Los Angeles (AFP) - Casino workers in Las Vegas voiced anger Thursday at being abandoned by their billionaire employers as the gambling mecca becomes a "ghost town" due to coronavirus.
Tens of thousands employed on the city's world-famous Strip of glitzy hotels and high-stakes betting lost their jobs when Nevada shuttered all non-essential businesses in mid-March.
While a few casinos including Wynn and Encore continue to support workers, most offered only two weeks' "closing pay" or less, forcing staff to file for unemployment, union workers told a web conference.
"This is not going to sustain us -- we need to feed our families, we need to put food on the table, we have bills mounting up," said Debra Jeffries, a cocktail waitress for four decades at a major Strip casino.
"Hearing how our community has crumbled as Vegas turned into a ghost town was devastating," she added.
Las Vegas receives more than 40 million visitors each year.
But US stay-at-home orders and foreign travel bans crippled tourism even before Las Vegas casinos closed, and hit at a time when workers were looking forward to greater earnings in peak season.
If all US casinos remain closed until mid-May, $43.5 billion in economic activity -- including nearby restaurants and bars -- will be wiped out, according to the American Gaming Association.
But although casinos are eligible for federal aid during the coronavirus pandemic, many immediately laid off their staff, said Unite Here president D. Taylor.
In Las Vegas, casinos' reaction compared poorly with their responses to previous devastating events such as the 9/11 attacks in 2001, and the 2017 Mandalay Bay shooting, he said.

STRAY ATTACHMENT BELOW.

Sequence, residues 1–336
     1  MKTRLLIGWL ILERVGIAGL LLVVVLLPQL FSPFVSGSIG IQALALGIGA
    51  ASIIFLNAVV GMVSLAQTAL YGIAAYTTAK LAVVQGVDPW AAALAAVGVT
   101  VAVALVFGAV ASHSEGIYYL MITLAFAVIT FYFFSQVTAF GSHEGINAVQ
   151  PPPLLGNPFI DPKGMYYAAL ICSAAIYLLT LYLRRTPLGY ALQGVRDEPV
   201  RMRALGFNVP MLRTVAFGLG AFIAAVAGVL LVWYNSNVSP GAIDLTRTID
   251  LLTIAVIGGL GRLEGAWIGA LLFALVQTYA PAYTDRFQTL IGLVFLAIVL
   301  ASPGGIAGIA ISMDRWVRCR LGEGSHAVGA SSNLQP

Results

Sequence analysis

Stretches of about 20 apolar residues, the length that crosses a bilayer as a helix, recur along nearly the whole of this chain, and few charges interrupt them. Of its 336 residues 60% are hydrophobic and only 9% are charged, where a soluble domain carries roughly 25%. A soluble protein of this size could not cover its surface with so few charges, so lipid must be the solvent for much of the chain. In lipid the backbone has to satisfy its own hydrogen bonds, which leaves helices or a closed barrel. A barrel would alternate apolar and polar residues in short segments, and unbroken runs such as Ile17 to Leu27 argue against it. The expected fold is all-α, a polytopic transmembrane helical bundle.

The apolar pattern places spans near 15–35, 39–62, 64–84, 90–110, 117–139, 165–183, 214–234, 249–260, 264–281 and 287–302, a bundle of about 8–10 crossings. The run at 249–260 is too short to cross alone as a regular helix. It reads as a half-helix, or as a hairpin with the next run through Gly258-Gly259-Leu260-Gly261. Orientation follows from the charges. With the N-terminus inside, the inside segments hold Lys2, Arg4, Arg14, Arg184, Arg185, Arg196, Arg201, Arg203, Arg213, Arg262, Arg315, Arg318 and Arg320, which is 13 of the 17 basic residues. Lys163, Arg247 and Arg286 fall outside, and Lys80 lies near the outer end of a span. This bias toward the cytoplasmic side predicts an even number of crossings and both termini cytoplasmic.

"(After) 9/11, when in one day 15,000 people got laid off in Las Vegas... the industry eventually stepped up," said Taylor.
"We don't understand their behavior," he added.
- 'Very painful' -
Geoconda Arguello-Kline, treasurer-secretary of the giant Las Vegas-based Culinary Union, called on major casino operators such as MGM Resorts and Caesars Entertainment to honor their "responsibility in this community."
"We feel the casino industry right now, they left their workers alone... it's a very painful situation," said Arguello-Kline.
"All these gaming companies, they know they are the heart of Las Vegas," she said.
MGM Resorts said in a statement to AFP its focus was to "ensure that we have the resources to not just reopen, but also to operate successfully, because the most impactful thing we can do for our employees in the long term is to bring them back to work."
The company is helping staff find temporary work elsewhere and has set up an emergency grant fund.
Wynn Resorts, which owns Wynn and Encore casinos, this month extended payroll for all employees including hourly and part-time staff through mid-May, adding tips based on averages for relevant workers.
"It is our shared responsibility to follow the direction of health and safety professionals to stay home, and limit social contact," said CEO Matt Maddox.
Caesars Entertainment did not immediately respond to an AFP request for comment.